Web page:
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I recently read that Judy Chicago told another mother that she had to choose between her children and her art. Chicago believed that she was only stating a fact, not giving an ultimatum. I am a woman whose professional artistic practice began simultaneously with the decision to become a mother; the subject of my painting is tied to the levels of experience encountered in my daily life. I do so because family history is a microcosm of all human drama. The body of work that I have created has examined such concepts as infertility, the maternal, the familial, femininity and rural domesticity.
I am frequently made aware of, and interested in documenting, the passing of time. This is evident in my most recently completed project called "The Teapot Inquiry" where I took a daily digital photograph of a child's silver teapot for a period of thirteen months. The teapot travelled with me and was photographed in a variety of places. Accompanying the digital photographs was a daily journal entry and sketch of the teapot photograph. The 396 digital images became a wealth of references for image making.
This interest in the passage of time has led me to the Canadian artist Jack Chambers and his creative philosophy of "perceptualism". He wanted to create paintings "where reality is so imminent that one feels he has stepped off the conveyor belt of time momentarily and actually glimpses the world in pause". I am also interested in capturing moments of pause, for it is in these moments when time has stopped that I become more aware of it passing. In particular I am interested in finding these pauses in locations that my family has called "home" - the century old farm where I grew up near Peterborough, Ontario, and my current home in Haliburton County.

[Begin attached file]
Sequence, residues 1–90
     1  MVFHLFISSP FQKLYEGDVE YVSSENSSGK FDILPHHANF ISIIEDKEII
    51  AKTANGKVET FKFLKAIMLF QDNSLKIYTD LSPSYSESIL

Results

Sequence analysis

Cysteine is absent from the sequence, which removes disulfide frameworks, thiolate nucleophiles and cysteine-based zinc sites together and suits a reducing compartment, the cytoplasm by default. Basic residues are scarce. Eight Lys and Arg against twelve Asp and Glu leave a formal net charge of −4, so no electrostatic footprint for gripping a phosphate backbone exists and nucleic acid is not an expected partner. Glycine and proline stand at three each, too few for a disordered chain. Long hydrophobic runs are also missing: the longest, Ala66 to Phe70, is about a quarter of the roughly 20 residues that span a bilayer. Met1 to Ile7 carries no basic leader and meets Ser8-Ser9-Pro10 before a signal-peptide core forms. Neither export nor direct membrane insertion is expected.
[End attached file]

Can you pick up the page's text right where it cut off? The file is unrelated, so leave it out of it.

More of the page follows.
I am aware that my methods of working and my concerns, which are generative and which deal with an ideal of beauty in the domestic and familial, may seem out of sync with current conceptions and qualities of art. In a logos dominated, patriarchal society, I hope to provide some balance by focusing on eros and on the matriarchal.
After graduating with distinction with a B.F.A. in Visual Arts and a B.Ed. in Art Education, Rose taught high school art for 12 years in Alberta and Ontario. She is currently teaching courses for Fleming College’s Haliburton School of The Arts in addition to mentoring advanced painting students and teaching classes from her studio.
Since 2002, she has been exhibiting in solo and group shows at public galleries across Ontario such as the Burlington Art Centre, Missisauga Art Gallery, and the Cambridge Art Centre. Rose's art making has been generously supported by the Ontario Arts Council in the form of Exhibition Assistance Grants as well as three Emerging Artist Grants; these were awarded in 2006, 2010, and 2012.
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